Building an emotionally safe and positive environment plays a specific role in promoting and fostering lifelong learning during all stages of dementia. Our words carry a lot of weight to them, but our body language does a lot of the talking, too!

The Marbella International University Centre (MIUC) notes that verbal and non-verbal communication occurs simultaneously, with the latter being more revealing of what we actually think and feel. We can be intentional in the words that we speak, but our body language has the power to express something different. Therefore, by becoming more aware of our facial expressions, stature, and the tonality of our voices, we can utilize our body language to carry on conversations in ways that reinforce positive messaging.

Gesturing, for instance, is one method that can add more substance to conversations, according to the MIUC. Those with dementia might not always be able to tell you when they cannot see, hear, or understand something. Using hand gestures and acting out specific actions (i.e., pretending to throw a ball) could help form a bridge in situations where participants might not hear what was said but could hear when someone was talking.

Studies have also found that continuing to repeat these gestures will strengthen the reach of verbal communication. For instance, you can help gather and direct attention by pointing to specific objects as you speak. Ensuring that your actions complement what you are saying is also an effective way of producing a positive learning experience. For example, if you say you are delighted to be introducing a new activity, share that enthusiasm with a smile and an upbeat tone of voice.

Enforcing positive non-verbal communication is also of particular importance when working in groups. Researchers have described how body language can positively or negatively impact each participant’s level of enjoyment while learning in a class setting. In addition, they highlight the importance of care partners and facilitators starting each activity with a warm smile, welcoming everyone to the group, and encouraging participation as they work towards producing a friendly and healthy learning environment.

Family Caregiver Alliance suggests introducing an activity by breaking it down into smaller, easy steps. For example, you can kick off a session by stating that something wonderful is going to happen, then begin the direction by saying, “We are going to do three easy things.” Then, as you provide your instruction, demonstrate each step of the activity by working alongside your participants – and don’t be afraid to get your hands a little dirty!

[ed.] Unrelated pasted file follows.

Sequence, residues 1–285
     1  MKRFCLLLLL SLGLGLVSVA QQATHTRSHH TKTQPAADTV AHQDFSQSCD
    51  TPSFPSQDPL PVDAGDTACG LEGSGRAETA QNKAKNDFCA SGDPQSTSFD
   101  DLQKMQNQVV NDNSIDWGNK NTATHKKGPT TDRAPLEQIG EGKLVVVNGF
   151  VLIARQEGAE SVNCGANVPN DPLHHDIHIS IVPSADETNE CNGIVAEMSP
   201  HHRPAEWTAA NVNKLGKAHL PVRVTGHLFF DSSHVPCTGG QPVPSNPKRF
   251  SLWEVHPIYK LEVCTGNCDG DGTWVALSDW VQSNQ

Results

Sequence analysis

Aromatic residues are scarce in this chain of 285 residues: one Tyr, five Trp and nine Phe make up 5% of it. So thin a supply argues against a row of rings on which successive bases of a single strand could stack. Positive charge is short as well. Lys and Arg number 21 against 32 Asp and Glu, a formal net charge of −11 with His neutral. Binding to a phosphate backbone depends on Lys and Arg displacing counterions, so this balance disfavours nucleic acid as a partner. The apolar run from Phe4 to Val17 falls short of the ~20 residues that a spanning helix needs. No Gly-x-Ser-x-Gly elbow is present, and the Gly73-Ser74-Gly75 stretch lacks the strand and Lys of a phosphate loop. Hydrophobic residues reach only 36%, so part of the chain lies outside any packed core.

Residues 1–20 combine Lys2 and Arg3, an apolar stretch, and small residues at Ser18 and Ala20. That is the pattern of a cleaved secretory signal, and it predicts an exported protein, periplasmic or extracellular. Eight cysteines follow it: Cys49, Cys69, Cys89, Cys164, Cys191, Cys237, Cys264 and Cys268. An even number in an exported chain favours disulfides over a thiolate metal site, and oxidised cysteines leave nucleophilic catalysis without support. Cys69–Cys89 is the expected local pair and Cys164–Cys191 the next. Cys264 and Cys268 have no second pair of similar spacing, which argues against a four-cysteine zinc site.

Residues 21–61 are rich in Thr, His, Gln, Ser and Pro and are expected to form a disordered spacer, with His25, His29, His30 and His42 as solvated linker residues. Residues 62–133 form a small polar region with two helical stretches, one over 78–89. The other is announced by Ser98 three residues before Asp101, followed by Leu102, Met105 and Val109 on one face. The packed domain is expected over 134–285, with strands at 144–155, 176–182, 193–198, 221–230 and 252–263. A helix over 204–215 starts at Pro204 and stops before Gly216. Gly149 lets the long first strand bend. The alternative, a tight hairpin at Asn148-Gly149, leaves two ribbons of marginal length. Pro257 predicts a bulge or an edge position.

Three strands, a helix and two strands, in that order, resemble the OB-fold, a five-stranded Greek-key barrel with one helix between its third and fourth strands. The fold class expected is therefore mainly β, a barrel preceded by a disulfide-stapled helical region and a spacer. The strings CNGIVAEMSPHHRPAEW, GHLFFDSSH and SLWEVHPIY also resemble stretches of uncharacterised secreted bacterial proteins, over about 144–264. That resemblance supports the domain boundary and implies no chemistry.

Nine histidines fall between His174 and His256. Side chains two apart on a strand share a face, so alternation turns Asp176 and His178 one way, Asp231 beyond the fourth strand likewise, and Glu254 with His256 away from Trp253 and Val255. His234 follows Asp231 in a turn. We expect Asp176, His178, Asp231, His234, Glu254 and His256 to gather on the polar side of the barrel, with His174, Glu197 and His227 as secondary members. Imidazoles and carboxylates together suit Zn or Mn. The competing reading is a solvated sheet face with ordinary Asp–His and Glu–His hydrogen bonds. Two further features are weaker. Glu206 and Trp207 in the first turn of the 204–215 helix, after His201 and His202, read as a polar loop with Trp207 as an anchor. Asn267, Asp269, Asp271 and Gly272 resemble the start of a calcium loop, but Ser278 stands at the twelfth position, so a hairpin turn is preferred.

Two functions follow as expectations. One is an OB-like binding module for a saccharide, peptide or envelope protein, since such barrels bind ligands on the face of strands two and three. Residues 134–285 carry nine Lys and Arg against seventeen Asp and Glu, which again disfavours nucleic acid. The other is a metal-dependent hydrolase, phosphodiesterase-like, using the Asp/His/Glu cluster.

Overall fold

Your participation will show those around you that you are interested in the activity. This shared interest will pique your participant’s curiosity and even entice them to want to share in the experience as well. As you work through the activity, make room for meaningful conversations by asking small, simple questions and responding by listening with your ears, eyes, and heart.

We recognize initiating and maintaining interest as one of the most common hurdles faced in engaging a person with dementia. As they lose their ability to communicate or understand what is happening around them, it becomes more likely for those with dementia to feel withdrawn. But, as their care partner, you have the power to help break this cycle! Your actions can speak louder than words, so share your energy with those around you and continue building positive learning environments!

EngAGE EnCOURAGE™ offers an easy-to-use e-learning platform designed for care partners wishing to get people learning, laughing, and creating. This sort of engaging communication treats people with cognitive impairment as valued individuals and improves their quality of life.

EngAGE EnCOURAGE™ provides a quality curriculum for resident or member programming at assisted living communities, adult day clubs, and memory care providers. Reach us via email or toll-free by phone at (602) 418-5196.